UV Adhesives: Linear & Volumetric Shrinkage
Q: "In my application I have a process where I apply UV adhesive between two pieces of plastic, and I am seeing a short contraction period followed by a longer expansion period. Is it possible for UV adhesive to behave this way? How much does UV adhesive shrink during cure? Could this cause a pulling force between two plastic materials? If under an opposite force could the UV adhesive relax and expand somewhat?"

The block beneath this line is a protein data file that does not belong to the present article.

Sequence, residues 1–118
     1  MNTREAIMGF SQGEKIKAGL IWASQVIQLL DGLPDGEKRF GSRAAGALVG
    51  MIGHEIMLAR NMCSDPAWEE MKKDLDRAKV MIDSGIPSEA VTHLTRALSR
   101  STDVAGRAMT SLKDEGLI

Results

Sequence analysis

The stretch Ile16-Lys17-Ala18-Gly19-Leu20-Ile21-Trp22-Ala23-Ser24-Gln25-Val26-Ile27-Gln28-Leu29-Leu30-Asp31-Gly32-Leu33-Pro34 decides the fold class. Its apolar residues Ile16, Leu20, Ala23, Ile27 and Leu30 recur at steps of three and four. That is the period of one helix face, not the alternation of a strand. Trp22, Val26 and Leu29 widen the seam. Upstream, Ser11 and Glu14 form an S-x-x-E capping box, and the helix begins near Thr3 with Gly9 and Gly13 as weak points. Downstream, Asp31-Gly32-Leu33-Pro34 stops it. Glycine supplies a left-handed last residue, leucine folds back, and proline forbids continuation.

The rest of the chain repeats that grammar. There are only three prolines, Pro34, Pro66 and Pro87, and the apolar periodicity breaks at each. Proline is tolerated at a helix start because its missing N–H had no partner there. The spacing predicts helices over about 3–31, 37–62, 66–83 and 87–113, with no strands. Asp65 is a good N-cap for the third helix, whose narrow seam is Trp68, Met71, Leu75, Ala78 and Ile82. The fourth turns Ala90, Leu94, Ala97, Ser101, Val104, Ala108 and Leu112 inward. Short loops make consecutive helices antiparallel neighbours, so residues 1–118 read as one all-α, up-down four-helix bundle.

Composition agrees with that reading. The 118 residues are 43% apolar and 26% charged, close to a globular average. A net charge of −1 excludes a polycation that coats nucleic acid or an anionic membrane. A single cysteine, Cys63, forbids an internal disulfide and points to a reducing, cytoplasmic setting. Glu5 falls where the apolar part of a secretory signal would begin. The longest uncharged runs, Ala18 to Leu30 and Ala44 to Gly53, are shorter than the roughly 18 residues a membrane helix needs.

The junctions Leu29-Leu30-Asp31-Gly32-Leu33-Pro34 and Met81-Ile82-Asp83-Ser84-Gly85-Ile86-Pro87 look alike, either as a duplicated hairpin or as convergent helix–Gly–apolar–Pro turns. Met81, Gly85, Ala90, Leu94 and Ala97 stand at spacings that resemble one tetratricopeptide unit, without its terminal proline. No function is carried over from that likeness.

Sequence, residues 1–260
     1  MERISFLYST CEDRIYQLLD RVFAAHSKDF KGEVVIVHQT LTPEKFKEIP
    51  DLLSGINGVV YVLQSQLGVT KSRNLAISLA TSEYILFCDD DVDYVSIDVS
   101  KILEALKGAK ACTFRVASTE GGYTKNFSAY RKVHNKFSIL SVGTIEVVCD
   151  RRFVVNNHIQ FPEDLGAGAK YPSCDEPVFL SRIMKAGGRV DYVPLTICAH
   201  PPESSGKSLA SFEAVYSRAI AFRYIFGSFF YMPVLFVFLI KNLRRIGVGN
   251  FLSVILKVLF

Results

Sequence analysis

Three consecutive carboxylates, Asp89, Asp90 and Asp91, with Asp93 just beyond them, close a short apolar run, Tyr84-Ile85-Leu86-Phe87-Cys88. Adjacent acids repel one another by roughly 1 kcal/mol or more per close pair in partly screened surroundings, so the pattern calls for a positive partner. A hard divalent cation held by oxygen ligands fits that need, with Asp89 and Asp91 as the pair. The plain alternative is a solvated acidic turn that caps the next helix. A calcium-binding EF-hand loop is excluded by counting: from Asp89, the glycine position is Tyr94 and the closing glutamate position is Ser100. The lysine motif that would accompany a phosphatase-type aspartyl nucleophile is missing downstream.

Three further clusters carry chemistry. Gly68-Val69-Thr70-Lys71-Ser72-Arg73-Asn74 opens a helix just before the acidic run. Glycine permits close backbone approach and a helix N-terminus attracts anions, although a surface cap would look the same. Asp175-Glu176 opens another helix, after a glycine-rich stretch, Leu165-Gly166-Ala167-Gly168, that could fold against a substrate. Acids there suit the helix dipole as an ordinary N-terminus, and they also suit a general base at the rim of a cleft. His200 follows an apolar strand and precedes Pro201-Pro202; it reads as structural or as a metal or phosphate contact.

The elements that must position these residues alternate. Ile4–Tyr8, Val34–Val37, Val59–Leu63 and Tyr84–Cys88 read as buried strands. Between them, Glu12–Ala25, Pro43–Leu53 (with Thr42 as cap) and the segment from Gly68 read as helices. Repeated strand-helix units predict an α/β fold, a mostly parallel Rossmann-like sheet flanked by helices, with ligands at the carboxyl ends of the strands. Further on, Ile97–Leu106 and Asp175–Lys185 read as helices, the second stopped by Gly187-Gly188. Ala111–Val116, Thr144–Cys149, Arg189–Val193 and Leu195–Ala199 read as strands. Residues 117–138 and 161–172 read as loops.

A: When light-curable adhesives cure, whether curing with UV light or visible light, crosslinks are forming between polymer chains. This pulls the chemical chains closer to each other very rapidly. We typically see a 1-2% linear shrinkage, which could translate into a 2-5% volumetric shrinkage. This may stress some plastics or optical components. There is a relaxation effect, usually over the next few hours or overnight, where the chains relax slightly as they rotate into an optimum alignment. Polymer chains like to "spoon" together. If they are at odd angles to each other, they are still touching, but want to find that alignment where they are in the same direction and bending the same way. Chemical bonds can stretch and spin around their axes and allow for this relaxation. Also, good to note, a product with a low modulus will stretch easier under stress, and a product with a very high modulus will not stretch much at all. A silicone (on one extreme) can have a modulus as low as 300 psi, whereas an epoxy can have a modulus as high as 2,000,000 psi. Many UV-curable adhesives are urethane acrylates and can vary in their modulus’ over a very wide range. The product data sheet should list this value.